Zip Code:


Latitude / Longitude:

40°45’36″N 112°46’39″W


4,258 ft (1,298 m)

Time Zone:

Mountain (MST) (UTC-7)


Delle is a small unincorporated community on the northern end of the Skull Valley in northeast Tooele County, Utah, United States, along Interstate 80 near the Bonneville Salt Flats. The town has never had more than a few residents and has served primarily as a filling station along the I-80 corridor (and U.S. Route 40 corridor before it). Since the completion of the freeway, the town has essentially become a ghost town.


Delle was established in 1880 as a railroad village along the Western Pacific line, primarily as a water depot for steam engines in preparation for the trek across the famous salt flats. It was originally named Dalles Spring, from a French word referring to water, but railroad personnel later shortened the name for telegraphic efficiency. It possessed a water tower, a reservoir, and numerous homes where railroad employees and their families resided from at least 1920 until 1940. The inhabitants were primarily Irish, Scot and Greek immigrants. Water was obtained from springs located as far as 12 miles (19 km) away in nearby mountains (Delle Ranch located along the east bench of Skull Valley being the primary) and piped to the site. After diesel powered engines were introduced, Delle continued as a site station for railroad employees in charge of track upkeep between Wendover, Utah and Salt Lake City. As of the 1950 United States Census, the population was 174.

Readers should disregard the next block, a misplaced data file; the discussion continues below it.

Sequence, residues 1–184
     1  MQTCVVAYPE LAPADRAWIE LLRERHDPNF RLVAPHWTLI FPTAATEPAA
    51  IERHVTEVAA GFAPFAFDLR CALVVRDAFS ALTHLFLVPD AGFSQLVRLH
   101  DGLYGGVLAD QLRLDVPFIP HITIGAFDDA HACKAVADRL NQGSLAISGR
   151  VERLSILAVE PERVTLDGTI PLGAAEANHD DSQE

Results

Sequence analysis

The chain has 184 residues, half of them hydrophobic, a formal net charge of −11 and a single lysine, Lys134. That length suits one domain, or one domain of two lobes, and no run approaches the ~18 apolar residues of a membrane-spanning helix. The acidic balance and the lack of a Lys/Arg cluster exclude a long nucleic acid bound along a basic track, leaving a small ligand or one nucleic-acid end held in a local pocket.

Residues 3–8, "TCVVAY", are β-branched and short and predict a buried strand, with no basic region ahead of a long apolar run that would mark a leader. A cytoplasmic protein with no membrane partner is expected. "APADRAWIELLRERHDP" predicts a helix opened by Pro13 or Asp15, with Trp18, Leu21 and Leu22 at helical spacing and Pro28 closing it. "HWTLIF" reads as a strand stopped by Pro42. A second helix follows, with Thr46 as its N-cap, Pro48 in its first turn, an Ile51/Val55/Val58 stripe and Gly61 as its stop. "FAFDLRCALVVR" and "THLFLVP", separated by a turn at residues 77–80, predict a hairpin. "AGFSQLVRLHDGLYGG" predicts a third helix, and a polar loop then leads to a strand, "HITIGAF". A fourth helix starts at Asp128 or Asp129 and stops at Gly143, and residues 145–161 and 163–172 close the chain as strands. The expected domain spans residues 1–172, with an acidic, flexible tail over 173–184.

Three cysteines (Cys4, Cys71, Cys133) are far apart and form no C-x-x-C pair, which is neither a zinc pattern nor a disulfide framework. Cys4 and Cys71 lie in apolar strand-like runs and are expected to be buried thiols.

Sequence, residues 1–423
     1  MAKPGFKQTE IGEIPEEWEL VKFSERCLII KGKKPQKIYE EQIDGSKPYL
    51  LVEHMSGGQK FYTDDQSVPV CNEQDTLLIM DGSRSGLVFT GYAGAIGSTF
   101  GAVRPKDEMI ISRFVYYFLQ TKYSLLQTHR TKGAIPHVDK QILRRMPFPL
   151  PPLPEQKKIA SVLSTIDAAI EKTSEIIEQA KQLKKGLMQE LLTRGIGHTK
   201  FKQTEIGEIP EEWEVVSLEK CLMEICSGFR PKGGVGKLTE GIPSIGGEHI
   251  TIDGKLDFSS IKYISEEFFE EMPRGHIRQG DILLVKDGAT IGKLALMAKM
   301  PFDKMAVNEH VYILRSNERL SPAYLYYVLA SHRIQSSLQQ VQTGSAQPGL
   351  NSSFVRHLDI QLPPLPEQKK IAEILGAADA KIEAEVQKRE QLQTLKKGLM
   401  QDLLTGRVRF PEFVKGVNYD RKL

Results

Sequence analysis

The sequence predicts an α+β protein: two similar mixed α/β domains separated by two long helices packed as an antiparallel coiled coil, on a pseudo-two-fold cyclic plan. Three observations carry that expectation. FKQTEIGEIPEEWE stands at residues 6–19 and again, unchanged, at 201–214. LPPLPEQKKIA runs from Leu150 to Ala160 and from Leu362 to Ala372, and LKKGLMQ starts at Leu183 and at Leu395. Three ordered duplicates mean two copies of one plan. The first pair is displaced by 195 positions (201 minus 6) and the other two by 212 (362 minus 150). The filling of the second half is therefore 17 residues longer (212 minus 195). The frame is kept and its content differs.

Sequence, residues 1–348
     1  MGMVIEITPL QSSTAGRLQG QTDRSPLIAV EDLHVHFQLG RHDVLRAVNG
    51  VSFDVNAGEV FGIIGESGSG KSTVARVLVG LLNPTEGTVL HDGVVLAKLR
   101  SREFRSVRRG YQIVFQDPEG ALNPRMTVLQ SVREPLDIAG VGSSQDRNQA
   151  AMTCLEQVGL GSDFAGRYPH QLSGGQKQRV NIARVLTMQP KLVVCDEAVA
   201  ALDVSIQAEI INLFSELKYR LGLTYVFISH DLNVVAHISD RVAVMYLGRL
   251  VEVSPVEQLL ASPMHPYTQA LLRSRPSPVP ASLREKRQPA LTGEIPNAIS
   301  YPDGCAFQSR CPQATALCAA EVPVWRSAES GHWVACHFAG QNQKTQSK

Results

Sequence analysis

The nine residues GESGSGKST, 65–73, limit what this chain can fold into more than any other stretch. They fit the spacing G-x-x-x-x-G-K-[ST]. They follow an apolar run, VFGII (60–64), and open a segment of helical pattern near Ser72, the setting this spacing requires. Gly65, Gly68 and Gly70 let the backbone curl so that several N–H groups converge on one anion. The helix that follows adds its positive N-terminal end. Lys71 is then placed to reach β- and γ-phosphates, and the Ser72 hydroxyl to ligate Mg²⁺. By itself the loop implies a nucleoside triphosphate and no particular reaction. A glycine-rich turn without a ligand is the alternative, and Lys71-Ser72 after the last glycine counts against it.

Current Status:

In 1999, the frontage road on the southwest side of I-80, from the Delle Interchange (Exit 70) northwest to the Low/Lakeside Interchange (Exit 62), as well nearly 7 miles (11 km) of county and BLM roads southwest the frontage road, were all designated as Utah State Route 900 (SR-900), a Statewide Public Safety Interest Highway. The purpose of this designation (and for the similarly created Utah State Route 901) was to prevent the construction of rail spur from Union Pacific Railroad’s Shafter Subdivision (ex-Western Pacific Railroad), to the Skull Valley Indian Reservation. This proposed rail spur would be necessary for the Skull Valley Goshute Tribe to carryout its plans to store 40,000 tons of nuclear waste on the reservation. By creating the Statewide Public Safety Interest Highways, the Utah Department of Transportation would have to give permission to construct the rail spur, something adamantly opposed by the Utah state government. Despite the designation as a state route, the roadways included as part of SR-900 were expressly intended to remain in their current, mostly unpaved, status and “may not be upgraded or improved to a higher class of highway”.


During the 1950s a gas station and small motel were constructed. The railroad homes were demolished, and the railroad abandoned the site. Delle was owned by local businessman Karl William Winsness, Jr. for most of the 1970s, and water was hauled in by truck from Grantsville. Karl was injured in a propane explosion while remodeling the motel and cafe in the early 1980s.